Shortly before Giorgio Armani’s now traditional runway show sports-diffusion interlude, Milan’s 88-year-old master menswear architect discreetly showed his hand. Out came two three-piece suits, one blue and the other black, in a silky looking material whose movement suggested they were almost certainly shot through with technical ingredients. Each was delicately to (the point of imperceptibly) crinkled with raised rivulets of irregular lines. As later confirmed in the notes, this was a Giorgio collection that took subtle inspiration from the architecture of Milan. The narrow paneling in leather bags, lightly padded jackets, a mixed-material sweatshirt, and even some of the ski pieces reflected the ground-floor rustication you will see in many of the city’s pre-war buildings. The geometric gridding and zigzags worked into jacquard knits mirrored the many beautifully marble-inlaid communal spaces in buildings across the city. And the richly textured gray wools, velvets, and cashmeres used in the opening sequence were this collection’s equivalents of the finely carved gray stone doorways through which you must pass to see them. This was the conceit, but it was not overplayed. You gradually suspected that the audience was positioned as his portieri, or doormen, in order to observe a steady procession pass the runway threshold dressed in a manner characteristic of Armani’s this-season conception of Milan-born menswear. That contemporary version naturally related back to his mid-’70s conception of it, but the refurbishment was full of fresh pleasures and unusual touches. Business or casual, evening or day, and post-ski weekend too, almost every inhabitant- arguably except for the pair in full length faux-fur animalia coats and wraparound sunglasses – were patently inhabiting Armani’s architecture of style.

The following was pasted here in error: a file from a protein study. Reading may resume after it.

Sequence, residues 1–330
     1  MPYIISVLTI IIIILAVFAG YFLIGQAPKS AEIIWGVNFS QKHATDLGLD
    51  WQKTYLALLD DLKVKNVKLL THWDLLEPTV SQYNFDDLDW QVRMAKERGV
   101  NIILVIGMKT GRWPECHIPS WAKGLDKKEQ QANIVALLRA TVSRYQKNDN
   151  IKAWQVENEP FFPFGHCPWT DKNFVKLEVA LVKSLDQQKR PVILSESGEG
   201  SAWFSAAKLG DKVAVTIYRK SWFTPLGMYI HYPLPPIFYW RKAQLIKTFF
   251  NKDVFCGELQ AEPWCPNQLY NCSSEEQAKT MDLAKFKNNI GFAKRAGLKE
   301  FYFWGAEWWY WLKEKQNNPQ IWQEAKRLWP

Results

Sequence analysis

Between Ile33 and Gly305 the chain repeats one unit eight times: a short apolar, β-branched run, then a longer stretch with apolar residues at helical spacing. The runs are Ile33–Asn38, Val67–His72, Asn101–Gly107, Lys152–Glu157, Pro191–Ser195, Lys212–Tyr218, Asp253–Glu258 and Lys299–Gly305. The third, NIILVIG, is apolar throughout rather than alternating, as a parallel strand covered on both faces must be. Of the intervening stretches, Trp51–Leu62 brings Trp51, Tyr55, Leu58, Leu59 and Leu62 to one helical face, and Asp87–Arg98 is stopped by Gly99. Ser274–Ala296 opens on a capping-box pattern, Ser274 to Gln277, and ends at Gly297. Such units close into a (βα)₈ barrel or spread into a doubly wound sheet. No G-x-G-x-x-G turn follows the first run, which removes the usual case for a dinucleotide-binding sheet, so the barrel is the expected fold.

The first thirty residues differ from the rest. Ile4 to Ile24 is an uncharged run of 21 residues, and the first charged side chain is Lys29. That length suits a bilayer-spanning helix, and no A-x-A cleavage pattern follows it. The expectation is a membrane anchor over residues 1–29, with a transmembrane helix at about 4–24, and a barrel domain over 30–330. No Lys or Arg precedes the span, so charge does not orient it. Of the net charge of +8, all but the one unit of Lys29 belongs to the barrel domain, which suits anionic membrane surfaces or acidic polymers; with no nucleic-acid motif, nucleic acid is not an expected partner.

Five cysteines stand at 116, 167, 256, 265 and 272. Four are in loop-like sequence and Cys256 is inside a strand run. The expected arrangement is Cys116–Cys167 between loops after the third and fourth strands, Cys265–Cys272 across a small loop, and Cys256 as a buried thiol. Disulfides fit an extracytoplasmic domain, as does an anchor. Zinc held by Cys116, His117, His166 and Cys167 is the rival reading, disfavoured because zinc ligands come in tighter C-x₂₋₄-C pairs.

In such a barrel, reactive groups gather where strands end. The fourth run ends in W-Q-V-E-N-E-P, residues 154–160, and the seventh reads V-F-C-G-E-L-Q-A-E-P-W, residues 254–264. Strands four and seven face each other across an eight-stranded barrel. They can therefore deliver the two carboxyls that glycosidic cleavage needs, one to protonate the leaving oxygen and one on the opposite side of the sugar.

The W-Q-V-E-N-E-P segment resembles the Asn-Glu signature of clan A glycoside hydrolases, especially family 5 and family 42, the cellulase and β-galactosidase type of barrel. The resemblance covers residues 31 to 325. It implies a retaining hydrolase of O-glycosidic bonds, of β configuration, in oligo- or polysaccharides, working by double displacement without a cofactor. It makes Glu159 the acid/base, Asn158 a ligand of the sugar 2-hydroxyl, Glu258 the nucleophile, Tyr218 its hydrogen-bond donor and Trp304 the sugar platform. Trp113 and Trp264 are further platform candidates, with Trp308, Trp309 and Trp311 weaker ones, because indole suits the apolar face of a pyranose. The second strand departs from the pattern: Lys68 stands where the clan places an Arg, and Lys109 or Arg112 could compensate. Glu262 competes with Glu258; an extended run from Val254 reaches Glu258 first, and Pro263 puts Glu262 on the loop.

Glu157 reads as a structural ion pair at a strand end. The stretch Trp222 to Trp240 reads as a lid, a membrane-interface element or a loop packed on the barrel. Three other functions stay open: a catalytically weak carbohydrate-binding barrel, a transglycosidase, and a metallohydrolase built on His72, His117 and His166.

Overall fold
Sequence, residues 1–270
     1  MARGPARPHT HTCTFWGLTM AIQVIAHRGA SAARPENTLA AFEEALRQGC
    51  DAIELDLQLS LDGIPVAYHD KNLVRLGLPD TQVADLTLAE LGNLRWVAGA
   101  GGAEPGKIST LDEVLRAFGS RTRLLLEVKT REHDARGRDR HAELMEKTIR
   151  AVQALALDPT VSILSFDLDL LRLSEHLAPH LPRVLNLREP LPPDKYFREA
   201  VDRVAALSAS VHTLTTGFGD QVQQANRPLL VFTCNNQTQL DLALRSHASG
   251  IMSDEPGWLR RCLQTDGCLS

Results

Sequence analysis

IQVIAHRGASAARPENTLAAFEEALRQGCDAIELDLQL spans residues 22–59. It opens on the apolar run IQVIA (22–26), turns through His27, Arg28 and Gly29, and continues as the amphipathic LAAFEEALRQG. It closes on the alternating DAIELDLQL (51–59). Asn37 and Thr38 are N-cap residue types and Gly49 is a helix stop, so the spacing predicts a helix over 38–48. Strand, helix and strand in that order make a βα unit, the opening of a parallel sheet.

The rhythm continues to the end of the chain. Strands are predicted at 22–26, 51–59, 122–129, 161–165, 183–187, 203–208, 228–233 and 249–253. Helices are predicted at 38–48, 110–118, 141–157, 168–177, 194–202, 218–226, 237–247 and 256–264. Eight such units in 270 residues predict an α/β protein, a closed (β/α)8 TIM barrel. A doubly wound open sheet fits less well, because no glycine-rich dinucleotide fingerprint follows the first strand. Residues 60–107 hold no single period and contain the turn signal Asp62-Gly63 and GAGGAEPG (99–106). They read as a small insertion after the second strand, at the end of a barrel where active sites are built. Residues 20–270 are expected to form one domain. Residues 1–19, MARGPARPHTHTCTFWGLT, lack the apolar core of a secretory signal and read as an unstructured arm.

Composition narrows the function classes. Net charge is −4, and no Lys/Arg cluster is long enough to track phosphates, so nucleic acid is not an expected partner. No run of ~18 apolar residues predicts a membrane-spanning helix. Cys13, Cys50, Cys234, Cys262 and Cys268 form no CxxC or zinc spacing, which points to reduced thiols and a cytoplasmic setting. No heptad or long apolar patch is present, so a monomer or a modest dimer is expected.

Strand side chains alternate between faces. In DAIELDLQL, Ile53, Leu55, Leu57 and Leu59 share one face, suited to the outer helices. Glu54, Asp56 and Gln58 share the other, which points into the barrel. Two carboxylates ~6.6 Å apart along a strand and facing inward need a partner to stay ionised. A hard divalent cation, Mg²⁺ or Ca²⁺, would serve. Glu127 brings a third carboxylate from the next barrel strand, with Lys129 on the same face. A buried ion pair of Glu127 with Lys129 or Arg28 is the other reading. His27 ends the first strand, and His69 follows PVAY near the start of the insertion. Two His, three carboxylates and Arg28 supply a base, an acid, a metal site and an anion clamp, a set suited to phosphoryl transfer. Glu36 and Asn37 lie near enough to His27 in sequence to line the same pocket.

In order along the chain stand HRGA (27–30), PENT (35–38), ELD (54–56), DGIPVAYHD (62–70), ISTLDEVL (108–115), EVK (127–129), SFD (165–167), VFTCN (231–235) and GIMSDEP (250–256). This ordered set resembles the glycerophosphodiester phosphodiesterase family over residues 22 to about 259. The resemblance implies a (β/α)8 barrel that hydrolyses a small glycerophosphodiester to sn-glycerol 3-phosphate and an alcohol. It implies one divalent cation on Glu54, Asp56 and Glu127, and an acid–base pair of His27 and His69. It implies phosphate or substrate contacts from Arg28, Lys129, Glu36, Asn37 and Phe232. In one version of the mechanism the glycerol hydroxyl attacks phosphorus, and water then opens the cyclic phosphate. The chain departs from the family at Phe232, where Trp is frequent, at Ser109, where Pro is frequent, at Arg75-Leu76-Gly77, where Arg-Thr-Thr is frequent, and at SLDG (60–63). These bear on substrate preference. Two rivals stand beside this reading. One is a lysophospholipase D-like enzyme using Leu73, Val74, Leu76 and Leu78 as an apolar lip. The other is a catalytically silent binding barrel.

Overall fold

Alessandro Sartori’s lifelong study of fabric development and tailoring means that he is possibly uniquely qualified in his depth of technical knowledge as a fashion house creative director. And as the captain of Zegna, which has long been committed to vertical integration and material innovation, he is also uniquely placed to push forward the hardware of fabrication while developing his own fashion software. These attributes synced in a Zegna show that displayed the complementary relationship between both. Starting with the technical – without getting too technical – Sartori named the collection the Oasi of Cashmere as a nod to the house’s century old nature reserve as well as his ambition to broaden the fiber’s traditional application as yarn in knitwear in order to apply it in multiple fabrications. Those successfully achieved by Zegna and its owned-affiliates today included bobbled casentino, fluffy pile, sturdy bouclé, hardily rain-resistant wool-like melton, light flannel, and so many more that the house asserted that a full 70% of the runway garments here were cashmere. The remaining material was mostly recycled Zegna ‘Use The Existing’ wool, which was the chief protagonist especially in an opening gray section that employed chore coat, “tailored” (but construction free) jacket, and short-sleeved jacket as template shapers of top-half silhouettes. There was also a strong raw-hemmed collarless jacket in more recycled wool, this time undyed. Another early highlight included a hand-folded and painted leather jacket padded with down worn over a cashmere casentino shacket. The designer’s thriving template is currently based on a strong and consistent silhouette combining a wide leg-shape and a more form-fitting top half (at least when not layered with outerwear). Now the house is broadening its offer – without diluting quality – to give Zegna-heads infinite opportunity to add new elements to their wardrobe that will work in tandem with the old. Another upcoming opportunity – teased in look 21’s shirt and carried overcoat – will come when he reveals the fruits of a two-years-in-development collaboration with Greg Chait, of The Elder Statesman, in Paris next month.
All collages by Edward Kanarecki.